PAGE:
Some of his best and certainly highly iconic songs load up side one. Everybody knows “Tiny Dancer” by now, or at least can associate it with the male star of Who’s The Boss. “Levon” is one of the most hauntingly moving songs about very little, other than to remind us that English is possibly the only language where Jesus is not used as a given name. Equally mysterious but less serious is the identity of “Razor Face”, although the wild accordion over the end ties in with the Band influence of the track before. Such a jaunty touch is a fake-out setup for the title track, with its vivid, almost cinematic arrangement matching the implicit horror in the lyrics. We particularly like the backwards effect on the acoustic guitar bridging the two halves. (Compared to the version recorded for Tumbleweed but shelved, they made the wise choice to redo it.)
Side two isn’t as immediately classic, but only because it has a lot to follow. “Indian Sunset” attempts to sum up the plight of the Native American. It’s a lovely production, and a stirring song, but the lyrics are what one might expect from a British kid who watched a lot of cowboy movies growing up. It’s a strange jump to “Holiday Inn”, their contribution to the “rock star on the road” genre, with that wonderful mandolin part. We’re guessing “Rotten Peaches” is the plaint of a man in prison, but the joyful accompaniment is such an odd juxtaposition with the words that it works. Speaking of odd, “All The Nasties” brings the choir heard earlier on the album to the fore, even given their own intro to the “oh my soul” mantra toward the end. (Nick Drake fans note: Robert Kirby was the arranger.) Something of a reaction to critics, its message is reinforced by the comparatively brief and extremely mournful “Goodbye”, which predicts future faux-classical pieces like “Sorry Seems To Be The Hardest Word”.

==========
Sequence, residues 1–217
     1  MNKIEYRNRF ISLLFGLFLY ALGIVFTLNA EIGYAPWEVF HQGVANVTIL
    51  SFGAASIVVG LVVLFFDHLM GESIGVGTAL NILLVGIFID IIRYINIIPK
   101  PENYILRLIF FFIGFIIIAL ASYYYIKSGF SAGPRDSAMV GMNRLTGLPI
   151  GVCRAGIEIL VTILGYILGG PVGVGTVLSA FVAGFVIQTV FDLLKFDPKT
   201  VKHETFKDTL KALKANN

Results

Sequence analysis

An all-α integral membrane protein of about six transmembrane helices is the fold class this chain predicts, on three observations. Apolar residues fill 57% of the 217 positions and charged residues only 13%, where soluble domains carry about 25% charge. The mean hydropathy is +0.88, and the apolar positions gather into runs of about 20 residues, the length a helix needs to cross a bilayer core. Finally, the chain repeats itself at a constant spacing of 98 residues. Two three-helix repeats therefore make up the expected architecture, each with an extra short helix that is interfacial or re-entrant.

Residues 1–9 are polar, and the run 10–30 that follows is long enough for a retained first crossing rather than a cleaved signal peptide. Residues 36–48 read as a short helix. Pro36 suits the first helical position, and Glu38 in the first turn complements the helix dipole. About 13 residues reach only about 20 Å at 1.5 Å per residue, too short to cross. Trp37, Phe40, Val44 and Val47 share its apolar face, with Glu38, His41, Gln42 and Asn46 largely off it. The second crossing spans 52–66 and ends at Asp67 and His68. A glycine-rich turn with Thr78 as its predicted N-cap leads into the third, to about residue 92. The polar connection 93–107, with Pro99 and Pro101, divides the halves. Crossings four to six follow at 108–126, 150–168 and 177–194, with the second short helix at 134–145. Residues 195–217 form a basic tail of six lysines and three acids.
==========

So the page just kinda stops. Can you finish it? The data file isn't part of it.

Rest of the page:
All together, Madman Across The Water is solid, and we must mention Paul Buckmaster’s wonderful string arrangements throughout. In a fine example of “it is what it is”, there were apparently no outtakes of interest. While most of his other albums from his first decade in the business have been reissued and expanded multiple times, this one remains as it always was: nine songs, and that’s it. Amen.

Elton John Madman Across The Water (1971)—

Friday, January 12, 2018

Humble Pie 5: Rockin' The Fillmore

While Humble Pie remained relatively obscure throughout the U.S., somebody had the bright idea to record their residency at New York’s Fillmore East, and then release a double live album from it. (This in a calendar year that already saw similar albums from the Allmans to Zappa.)
But most bands rose to the occasion at the Fillmore, particularly when their diehard fans went to every show, and the Pie truly kick their butts on Performance: Rockin' The Fillmore. Building on the volume of Rock On, which they were supposed to be promoting. Starting with the swapped vocals on “Four Day Creep”, it’s a punishing plow through “I’m Ready” and “Stone Cold Fever”. Every track is loud and most are pretty long, two even taking up a side each—one of those is an incredibly slow but fascinating drag through Dr. John’s “I Walk On Gilded Splinters”, the other an equally muddy “Rollin’ Stone”. Side four picks up the pace, and is given over to two songs usually associated with Ray Charles, “Hallelujah I Love Her So” and the terrific “I Don’t Need No Doctor”.